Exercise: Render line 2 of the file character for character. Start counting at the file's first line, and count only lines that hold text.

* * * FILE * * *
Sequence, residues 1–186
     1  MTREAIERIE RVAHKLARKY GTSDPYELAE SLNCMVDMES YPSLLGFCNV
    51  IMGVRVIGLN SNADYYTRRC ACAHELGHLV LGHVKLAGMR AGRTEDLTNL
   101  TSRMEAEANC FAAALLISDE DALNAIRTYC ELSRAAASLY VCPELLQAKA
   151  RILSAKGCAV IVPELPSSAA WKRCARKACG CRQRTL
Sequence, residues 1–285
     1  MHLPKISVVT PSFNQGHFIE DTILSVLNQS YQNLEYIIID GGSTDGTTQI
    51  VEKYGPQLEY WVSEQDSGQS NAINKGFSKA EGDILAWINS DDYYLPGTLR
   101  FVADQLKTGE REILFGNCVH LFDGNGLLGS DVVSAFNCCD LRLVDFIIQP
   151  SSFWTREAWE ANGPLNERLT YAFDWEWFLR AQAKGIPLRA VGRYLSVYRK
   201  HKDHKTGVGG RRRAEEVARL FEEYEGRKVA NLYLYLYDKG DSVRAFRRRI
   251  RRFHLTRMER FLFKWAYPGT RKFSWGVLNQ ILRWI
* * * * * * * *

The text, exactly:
     1  MTREAIERIE RVAHKLARKY GTSDPYELAE SLNCMVDMES YPSLLGFCNV